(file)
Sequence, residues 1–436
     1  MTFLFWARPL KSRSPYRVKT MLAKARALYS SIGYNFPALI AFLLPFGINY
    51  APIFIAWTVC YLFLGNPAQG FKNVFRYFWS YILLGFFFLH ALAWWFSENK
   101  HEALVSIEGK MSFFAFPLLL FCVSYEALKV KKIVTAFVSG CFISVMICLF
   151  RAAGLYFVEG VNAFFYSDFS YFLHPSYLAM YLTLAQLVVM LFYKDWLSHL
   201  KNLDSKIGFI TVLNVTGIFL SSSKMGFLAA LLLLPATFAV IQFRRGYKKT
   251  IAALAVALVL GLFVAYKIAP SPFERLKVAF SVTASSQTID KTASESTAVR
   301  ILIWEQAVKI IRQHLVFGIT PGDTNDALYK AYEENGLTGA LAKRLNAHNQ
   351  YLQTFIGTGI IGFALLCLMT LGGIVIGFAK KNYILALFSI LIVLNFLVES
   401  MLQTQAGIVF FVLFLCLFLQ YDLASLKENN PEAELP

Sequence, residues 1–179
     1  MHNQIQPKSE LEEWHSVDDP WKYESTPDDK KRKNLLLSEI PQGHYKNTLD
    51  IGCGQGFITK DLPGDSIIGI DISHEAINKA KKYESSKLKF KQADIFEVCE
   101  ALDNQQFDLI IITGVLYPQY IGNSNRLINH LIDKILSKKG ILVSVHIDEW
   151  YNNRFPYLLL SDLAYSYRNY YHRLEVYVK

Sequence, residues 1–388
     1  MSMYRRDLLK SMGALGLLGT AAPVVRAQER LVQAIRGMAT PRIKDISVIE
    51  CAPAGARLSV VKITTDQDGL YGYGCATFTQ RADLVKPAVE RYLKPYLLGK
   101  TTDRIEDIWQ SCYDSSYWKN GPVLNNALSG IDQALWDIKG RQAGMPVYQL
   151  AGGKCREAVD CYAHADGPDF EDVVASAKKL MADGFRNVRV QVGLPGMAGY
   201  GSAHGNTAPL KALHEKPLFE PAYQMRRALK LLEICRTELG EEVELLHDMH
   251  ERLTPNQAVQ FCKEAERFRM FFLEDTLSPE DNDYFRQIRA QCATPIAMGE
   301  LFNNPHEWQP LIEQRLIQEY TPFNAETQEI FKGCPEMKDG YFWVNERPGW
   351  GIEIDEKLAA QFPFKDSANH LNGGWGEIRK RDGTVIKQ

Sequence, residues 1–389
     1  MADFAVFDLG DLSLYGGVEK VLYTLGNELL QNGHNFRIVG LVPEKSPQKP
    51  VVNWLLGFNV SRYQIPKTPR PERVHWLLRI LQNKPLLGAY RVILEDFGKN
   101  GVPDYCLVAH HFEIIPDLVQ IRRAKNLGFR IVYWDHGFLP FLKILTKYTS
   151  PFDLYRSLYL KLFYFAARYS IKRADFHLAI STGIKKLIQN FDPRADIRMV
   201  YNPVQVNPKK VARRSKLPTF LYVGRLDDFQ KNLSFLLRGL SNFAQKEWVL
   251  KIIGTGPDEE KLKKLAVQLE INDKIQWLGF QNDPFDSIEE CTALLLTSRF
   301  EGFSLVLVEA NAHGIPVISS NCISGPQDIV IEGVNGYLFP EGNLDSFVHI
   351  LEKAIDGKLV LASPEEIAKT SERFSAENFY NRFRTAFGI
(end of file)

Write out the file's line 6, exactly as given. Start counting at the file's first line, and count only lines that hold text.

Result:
   201  KNLDSKIGFI TVLNVTGIFL SSSKMGFLAA LLLLPATFAV IQFRRGYKKT